This morning is the first snowfall of 2020, at least as far as official counting of such things goes1 .
As I do when I see snow, I tweet such:
— Bud Hunt (@budtheteacher) February 3, 2020
I’m not sure why, except as a moment of joy for me, a declaration that I see magic in the world as tiny ice crystals float their way down to earth.
This morning, Katie sent along a memory of our shared experience with snow, a poem I love to read whenever I can to whomever I can: Taylor Mali’s “Undivided Attention.” She followed it up with an essay by Seymour Papert. As she wrote:
I feel this thought from Seymour Papert and Taylor Mali's "teach like first snow falling" are both turning the teeth in eachothers' gears
— Katie Henry (@KatieHenryDays) February 3, 2020
And I went looking for the connection. As I thought, I realized that one, the poem, was about what it meant to embody love in the front of the room, to captivate through magic and wonder. And the other, the essay, was about discovering something one loves, and finding ways to connect that precious thing or idea to other ideas, to use magic and wonder to make sense of the world.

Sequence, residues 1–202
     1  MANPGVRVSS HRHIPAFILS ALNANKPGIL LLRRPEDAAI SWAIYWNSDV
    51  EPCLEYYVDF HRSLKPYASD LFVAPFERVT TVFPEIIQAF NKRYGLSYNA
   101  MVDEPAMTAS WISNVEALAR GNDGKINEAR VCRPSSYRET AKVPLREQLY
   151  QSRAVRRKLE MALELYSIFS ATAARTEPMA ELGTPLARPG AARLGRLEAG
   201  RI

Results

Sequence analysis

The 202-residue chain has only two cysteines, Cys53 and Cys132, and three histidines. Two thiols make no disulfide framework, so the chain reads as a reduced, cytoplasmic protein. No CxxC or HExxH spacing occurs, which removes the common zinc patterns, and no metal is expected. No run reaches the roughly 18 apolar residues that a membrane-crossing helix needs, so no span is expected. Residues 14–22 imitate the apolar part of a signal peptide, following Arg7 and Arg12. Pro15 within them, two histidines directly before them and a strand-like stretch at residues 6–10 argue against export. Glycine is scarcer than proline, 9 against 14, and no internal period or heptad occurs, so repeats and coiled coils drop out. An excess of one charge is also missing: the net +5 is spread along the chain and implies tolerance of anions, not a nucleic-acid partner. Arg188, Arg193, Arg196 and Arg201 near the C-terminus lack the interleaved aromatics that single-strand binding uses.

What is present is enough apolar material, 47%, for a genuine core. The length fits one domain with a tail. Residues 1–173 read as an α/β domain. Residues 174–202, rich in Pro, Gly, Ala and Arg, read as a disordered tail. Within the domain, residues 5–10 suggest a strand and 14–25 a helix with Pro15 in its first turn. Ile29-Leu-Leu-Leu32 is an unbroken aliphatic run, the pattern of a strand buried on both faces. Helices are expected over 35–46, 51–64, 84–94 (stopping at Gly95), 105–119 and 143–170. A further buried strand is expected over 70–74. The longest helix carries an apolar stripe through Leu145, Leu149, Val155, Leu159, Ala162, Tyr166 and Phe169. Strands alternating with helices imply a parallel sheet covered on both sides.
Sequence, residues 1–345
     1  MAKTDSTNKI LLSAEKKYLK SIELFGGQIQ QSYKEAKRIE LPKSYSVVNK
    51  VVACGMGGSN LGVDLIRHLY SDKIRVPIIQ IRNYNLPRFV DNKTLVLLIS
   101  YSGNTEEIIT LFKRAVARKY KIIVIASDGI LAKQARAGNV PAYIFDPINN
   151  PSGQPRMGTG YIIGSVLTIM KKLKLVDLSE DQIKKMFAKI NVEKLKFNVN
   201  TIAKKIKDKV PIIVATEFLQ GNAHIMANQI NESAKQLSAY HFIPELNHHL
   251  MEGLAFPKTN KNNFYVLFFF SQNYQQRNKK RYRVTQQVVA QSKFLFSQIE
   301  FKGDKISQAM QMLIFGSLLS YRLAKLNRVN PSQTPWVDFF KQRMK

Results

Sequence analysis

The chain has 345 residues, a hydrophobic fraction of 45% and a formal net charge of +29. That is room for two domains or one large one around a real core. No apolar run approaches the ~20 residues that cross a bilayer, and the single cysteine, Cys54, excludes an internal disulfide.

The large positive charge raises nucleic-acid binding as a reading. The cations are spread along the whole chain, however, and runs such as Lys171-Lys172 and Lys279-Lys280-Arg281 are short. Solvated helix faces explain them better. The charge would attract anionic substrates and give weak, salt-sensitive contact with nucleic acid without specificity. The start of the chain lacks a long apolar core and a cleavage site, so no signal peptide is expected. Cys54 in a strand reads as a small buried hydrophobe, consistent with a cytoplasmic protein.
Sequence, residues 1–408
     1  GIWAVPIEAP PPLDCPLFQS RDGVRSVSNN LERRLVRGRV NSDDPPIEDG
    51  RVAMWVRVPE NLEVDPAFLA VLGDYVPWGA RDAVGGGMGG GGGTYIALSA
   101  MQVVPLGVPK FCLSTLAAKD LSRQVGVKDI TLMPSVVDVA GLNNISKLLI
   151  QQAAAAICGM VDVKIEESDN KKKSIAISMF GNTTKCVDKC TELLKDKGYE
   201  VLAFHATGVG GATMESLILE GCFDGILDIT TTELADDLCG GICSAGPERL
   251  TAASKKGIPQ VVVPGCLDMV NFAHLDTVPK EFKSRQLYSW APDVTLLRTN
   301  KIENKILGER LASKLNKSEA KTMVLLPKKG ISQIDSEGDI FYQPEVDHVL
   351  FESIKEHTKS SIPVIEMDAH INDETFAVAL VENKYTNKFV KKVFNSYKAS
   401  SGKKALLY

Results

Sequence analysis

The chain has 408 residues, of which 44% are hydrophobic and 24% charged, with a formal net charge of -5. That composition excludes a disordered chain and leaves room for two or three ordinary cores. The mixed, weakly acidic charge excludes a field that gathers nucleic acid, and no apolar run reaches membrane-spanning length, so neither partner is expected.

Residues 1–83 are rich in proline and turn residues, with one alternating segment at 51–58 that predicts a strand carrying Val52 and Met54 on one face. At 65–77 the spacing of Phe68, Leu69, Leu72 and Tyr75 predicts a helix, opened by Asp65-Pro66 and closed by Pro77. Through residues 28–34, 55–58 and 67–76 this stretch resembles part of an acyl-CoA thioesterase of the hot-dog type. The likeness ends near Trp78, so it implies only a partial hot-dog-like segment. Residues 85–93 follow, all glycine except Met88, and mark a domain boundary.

Then I remembered where I had heard that idea before. I wanted to rehear the video, but my old post no longer had the right link. It took a minute, but I found it again:
That entire series of interviews is worth your time. They’re chock full of fine moments like that one.
- There was a dusting last week, a quick flurry here and there. Apparently, these magical moments of quick snow don’t count. [↩]